Skip to content

End of the Road: Homer, AK

February 9, 2012

If you hop in your car and drive north to Alaska, the farthest west and veritable end-of-the-road is in Homer, Alaska. Homer is a small town located on the western side of the Kenai Peninsula. An eclectic little town, it is home to artists, fishermen, three fermentation industries (brewery, winery, and meadery), the Kilcher family, Russian-Americans, and of course, tourists. Like every other small community, Homer is a unique getaway perfect for anyone looking to get out of the madness of the big city of Anchorage.

We rarely visit Homer due to its distance from Anchorage and the fact that it is a complete and total cluster in the summer months. However, we finally got the rare opportunity to stay at the Bear Creek Winery B&B for a single night (they have a two night minimum in the winter months) and made the mad dash down to the End of the Road.

Driving the 225 Miles to Homer

Homer is about 225 miles south of Anchorage. The route follows the Seward and Sterling Highways along the painfully slow Turnagain Arm, through deep mountain valleys, and then ending on the mysteriously flat western side of the Kenai Peninsula. Normally, driving this route is a breeze, but lately Alaska has been getting slammed with massive snow storms. The Friday we intended to leave and make a pit stop in Seward called for knee-deep snow on the highway, followed by avalanche control, ditch divers, and near white-out driving conditions. As much as we are notorious for driving in awful conditions, we postponed until Saturday.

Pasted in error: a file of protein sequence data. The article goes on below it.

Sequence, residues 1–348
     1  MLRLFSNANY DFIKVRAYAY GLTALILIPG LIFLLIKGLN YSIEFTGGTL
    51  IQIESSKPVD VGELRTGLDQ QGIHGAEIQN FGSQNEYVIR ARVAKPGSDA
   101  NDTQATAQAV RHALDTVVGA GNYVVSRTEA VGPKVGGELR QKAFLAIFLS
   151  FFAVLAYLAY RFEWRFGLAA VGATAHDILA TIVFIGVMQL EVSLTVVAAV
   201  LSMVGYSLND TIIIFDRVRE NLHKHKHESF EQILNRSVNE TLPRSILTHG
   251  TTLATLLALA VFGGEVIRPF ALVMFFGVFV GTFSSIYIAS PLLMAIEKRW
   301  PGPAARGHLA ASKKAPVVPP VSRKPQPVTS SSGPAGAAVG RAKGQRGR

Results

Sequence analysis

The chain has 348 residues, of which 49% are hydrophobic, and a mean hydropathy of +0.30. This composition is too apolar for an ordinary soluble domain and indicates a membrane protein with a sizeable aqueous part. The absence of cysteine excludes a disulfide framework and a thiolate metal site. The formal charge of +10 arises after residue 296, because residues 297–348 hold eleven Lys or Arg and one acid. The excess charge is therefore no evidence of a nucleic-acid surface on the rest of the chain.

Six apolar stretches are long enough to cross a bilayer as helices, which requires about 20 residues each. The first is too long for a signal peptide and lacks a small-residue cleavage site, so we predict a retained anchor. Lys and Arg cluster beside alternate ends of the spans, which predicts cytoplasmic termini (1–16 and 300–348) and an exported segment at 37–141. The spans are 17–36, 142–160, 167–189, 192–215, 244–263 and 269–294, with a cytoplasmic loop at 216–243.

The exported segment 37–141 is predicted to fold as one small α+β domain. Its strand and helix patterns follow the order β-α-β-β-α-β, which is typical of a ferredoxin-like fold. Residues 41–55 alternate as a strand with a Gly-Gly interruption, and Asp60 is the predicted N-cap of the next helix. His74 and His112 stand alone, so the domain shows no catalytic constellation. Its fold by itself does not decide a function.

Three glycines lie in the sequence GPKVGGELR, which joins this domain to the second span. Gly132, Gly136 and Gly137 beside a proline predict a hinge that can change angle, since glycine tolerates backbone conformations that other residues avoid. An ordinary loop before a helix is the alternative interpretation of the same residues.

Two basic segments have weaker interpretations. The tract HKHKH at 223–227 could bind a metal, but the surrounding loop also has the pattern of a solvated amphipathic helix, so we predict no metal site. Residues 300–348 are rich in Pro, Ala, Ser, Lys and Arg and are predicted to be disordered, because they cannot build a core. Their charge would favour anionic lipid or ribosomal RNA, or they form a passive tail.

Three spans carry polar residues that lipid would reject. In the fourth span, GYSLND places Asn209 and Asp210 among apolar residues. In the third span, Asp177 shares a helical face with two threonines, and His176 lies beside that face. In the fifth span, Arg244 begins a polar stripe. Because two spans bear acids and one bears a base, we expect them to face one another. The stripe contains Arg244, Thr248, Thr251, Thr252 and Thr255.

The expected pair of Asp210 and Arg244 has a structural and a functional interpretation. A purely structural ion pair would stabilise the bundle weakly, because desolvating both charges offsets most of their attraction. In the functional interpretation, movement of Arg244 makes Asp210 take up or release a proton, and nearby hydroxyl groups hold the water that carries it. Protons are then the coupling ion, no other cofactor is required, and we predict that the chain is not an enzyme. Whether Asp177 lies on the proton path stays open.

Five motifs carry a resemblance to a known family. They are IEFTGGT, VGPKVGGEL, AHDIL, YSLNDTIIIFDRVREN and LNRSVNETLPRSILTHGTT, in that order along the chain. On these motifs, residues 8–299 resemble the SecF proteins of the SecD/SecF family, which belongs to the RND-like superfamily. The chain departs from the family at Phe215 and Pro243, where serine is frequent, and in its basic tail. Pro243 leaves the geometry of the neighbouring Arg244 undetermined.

We left Saturday to a clear morning and headed out to Homer. Our first stop was several hours later in Soldotna. Due to the feet of fresh powder, stopping for a quick ski or snowshoe was not an option as we would have been digging out our own trail. Soldotna is home to two places we so dearly love: the sports bar and restaurant Buckets and the Kenai River Brewing Company.

Our first stop was Buckets to get our usual meal: a caribou burger for Krystin and an elk burger for Bixler. Anchorage, despite having 300,000 people, half of the state’s population, fails to provide an amazing burger in town. Instead, we head to Buckets for the best non-beef burger in Alaska.